"The Government Accountability Office recently urged the Office of Management and Budget to step up federal audit requirements slowly, to allow agencies time to first reach stricter standards that went into effect in June.
In a Tuesday letter to leaders of the Senate Homeland Security and Governmental Affairs and the House Government Reform committees, McCoy Williams, GAO's director of financial management and assurance, presented the agency's analysis of a recent cost-benefit study conducted by the Chief Financial Officers Council and the President's Council on Integrity and Efficiency, an association of presidentially appointed inspectors general.
The study and GAO's analysis, which were called for under the 2004 Department of Homeland Security Financial Accountability Act, address how and when agencies should be required to obtain an audit opinion on their internal controls over financial reporting. Under the rules of OMB's Circular A-123, the teeth of which were first felt by agencies in June, managers at the 24 CFO Act agencies must provide annual assurances on the accuracy and effectiveness of their internal controls for financial reporting.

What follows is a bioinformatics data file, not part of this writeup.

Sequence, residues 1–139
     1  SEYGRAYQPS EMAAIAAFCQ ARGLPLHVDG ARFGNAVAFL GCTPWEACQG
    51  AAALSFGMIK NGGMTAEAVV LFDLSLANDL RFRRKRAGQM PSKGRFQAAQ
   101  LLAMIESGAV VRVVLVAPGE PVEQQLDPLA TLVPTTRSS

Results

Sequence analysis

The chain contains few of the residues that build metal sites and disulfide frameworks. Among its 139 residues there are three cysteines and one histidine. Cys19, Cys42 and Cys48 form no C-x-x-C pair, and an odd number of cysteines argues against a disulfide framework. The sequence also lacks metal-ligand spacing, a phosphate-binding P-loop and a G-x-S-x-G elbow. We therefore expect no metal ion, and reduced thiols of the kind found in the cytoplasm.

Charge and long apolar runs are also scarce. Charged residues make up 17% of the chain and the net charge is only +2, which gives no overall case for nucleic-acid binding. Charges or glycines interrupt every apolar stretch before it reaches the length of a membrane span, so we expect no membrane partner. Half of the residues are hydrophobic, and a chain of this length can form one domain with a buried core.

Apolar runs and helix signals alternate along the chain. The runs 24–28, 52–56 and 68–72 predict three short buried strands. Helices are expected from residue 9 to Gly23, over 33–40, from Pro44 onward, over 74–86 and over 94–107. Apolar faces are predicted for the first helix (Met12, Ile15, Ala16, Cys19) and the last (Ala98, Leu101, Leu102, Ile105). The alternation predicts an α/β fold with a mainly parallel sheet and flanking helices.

Although most agencies are not required to obtain formal internal control audits, DHS must do so starting this year under the 2004 financial accountability law."